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Creating a Sustainable UK Farming and Food Industry: An Analysis of Partnership Thinking as a Solution to the Problems in the UK Farming and Food Industry

Chicksand, Daniel (2009)
Ph.D. thesis, University of Birmingham.

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This thesis focuses on UK Government policy-making as it pertains to the UK farming and food industry. This sector faces many serious economic problems. In response, the UK Government has developed policies and strategies to create profitable, sustainable and internationally-competitive farming and food chains. One policy has been to promote ‘partnerships’. Considerable time and money has been spent on implementing this policy. However, the many initiatives launched have only been partially successful. A key reason for this is that many of those trying to implement ‘partnering’ have not recognised that, whilst there are many tangible and intangible advantages to be derived from ‘partnerships’, they are not always appropriate or possible. A key factor in determining when a ‘partnership’ is either appropriate or possible and whether an attempted ‘partnership’ was successful is buyer-supplier power. Unfortunately, the concept of power never featured in UK Government policy documents. The thesis also aims to improve our understanding of buyer-supplier power. While the cases showed that power was an important factor in affecting relationship success, they also showed that current power-related methodologies (Cox et al., 1999; Cox et al., 2000; Cox et al., 2003) may be too crude and require further development.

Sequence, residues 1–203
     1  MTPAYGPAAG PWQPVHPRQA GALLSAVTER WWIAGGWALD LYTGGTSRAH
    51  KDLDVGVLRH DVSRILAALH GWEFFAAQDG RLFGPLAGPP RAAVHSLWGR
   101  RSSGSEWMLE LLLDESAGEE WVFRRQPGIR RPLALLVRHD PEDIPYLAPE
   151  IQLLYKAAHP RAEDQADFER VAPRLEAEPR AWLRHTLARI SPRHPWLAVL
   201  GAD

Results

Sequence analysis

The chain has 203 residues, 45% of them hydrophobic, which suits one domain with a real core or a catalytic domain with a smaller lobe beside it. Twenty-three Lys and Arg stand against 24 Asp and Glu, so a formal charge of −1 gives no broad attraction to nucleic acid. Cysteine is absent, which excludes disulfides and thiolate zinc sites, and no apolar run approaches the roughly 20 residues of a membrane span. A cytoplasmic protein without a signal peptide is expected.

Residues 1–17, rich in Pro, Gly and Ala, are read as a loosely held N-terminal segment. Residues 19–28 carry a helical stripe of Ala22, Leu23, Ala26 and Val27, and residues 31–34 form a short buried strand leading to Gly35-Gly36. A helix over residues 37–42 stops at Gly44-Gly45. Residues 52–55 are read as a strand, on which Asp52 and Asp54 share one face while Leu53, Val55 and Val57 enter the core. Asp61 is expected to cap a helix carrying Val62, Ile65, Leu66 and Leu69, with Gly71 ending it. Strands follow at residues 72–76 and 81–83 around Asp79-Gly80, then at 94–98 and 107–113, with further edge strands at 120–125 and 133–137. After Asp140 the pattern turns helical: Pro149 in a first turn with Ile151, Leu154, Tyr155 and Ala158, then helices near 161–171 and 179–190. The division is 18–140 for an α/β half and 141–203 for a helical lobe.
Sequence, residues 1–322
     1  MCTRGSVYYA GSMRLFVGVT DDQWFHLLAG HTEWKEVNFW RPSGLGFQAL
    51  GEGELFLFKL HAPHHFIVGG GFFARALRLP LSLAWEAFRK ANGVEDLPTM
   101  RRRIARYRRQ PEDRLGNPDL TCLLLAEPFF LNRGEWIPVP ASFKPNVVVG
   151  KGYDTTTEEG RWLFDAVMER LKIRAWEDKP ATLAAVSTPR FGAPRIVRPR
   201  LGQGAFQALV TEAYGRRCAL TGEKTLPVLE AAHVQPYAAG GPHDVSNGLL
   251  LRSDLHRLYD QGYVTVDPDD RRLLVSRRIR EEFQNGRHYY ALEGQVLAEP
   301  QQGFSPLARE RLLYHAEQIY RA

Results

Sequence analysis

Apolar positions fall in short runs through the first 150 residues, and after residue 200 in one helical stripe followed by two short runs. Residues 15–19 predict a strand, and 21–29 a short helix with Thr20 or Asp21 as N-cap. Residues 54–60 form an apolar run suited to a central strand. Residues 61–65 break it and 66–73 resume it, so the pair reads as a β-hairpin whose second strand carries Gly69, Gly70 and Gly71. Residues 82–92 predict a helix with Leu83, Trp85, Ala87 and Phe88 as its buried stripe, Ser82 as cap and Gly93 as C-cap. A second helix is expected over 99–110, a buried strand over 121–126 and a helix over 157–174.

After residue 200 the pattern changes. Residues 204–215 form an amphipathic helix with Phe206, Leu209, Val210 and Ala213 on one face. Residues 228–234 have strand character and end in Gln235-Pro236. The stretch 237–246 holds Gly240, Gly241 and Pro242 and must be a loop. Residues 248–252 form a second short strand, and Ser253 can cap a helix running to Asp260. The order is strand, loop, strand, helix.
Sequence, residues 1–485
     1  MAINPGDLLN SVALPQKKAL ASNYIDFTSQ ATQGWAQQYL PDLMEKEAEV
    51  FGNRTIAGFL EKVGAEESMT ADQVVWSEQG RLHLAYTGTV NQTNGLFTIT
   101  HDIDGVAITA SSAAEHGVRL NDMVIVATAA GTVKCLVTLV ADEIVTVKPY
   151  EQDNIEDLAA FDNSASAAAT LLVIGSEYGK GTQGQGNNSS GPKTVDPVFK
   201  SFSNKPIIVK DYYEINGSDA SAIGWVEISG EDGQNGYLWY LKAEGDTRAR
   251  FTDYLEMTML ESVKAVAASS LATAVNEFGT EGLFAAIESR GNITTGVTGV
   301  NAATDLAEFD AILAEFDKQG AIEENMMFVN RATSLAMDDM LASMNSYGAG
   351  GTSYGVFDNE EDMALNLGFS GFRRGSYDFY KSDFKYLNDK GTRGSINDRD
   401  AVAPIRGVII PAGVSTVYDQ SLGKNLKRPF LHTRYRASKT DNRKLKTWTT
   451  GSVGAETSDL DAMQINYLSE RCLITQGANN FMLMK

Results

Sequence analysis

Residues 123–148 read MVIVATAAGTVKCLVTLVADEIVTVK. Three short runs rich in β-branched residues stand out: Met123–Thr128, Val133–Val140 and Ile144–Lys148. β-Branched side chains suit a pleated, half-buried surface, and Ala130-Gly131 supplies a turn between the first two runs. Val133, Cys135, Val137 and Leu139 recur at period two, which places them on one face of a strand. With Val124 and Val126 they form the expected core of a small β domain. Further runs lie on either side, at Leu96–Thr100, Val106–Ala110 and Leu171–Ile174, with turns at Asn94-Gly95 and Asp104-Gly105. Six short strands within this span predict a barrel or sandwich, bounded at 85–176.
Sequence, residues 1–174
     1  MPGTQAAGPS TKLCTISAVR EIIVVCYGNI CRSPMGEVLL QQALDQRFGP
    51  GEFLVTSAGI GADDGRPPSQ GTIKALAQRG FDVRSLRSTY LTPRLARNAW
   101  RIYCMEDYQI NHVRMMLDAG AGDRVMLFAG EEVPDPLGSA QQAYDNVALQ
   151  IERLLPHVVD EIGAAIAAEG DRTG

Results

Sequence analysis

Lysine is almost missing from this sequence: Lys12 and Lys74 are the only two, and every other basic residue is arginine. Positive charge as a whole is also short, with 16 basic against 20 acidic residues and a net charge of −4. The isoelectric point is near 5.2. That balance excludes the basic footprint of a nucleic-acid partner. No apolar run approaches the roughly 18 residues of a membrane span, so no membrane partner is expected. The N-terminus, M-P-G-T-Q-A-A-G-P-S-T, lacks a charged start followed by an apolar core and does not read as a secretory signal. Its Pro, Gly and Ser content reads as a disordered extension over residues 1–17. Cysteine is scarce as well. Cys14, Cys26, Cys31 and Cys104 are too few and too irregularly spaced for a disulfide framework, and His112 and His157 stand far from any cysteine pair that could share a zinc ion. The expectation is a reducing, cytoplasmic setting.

Type of Work:Ph.D. thesis.
Supervisor(s):Lonsdale, Chris (Dr) and Sanderson, Joe (Dr)
School/Faculty:Colleges (2008 onwards) > College of Social Sciences
Department:Centre for Business Strategy and Procurement, Birmingham Business School
Institution:University of Birmingham
ID Code:356
This unpublished thesis/dissertation is copyright of the author and/or third parties. The intellectual property rights of the author or third parties in respect of this work are as defined by The Copyright Designs and Patents Act 1988 or as modified by any successor legislation. Any use made of information contained in this thesis/dissertation must be in accordance with that legislation and must be properly acknowledged. Further distribution or reproduction in any format is prohibited without the permission of the copyright holder.
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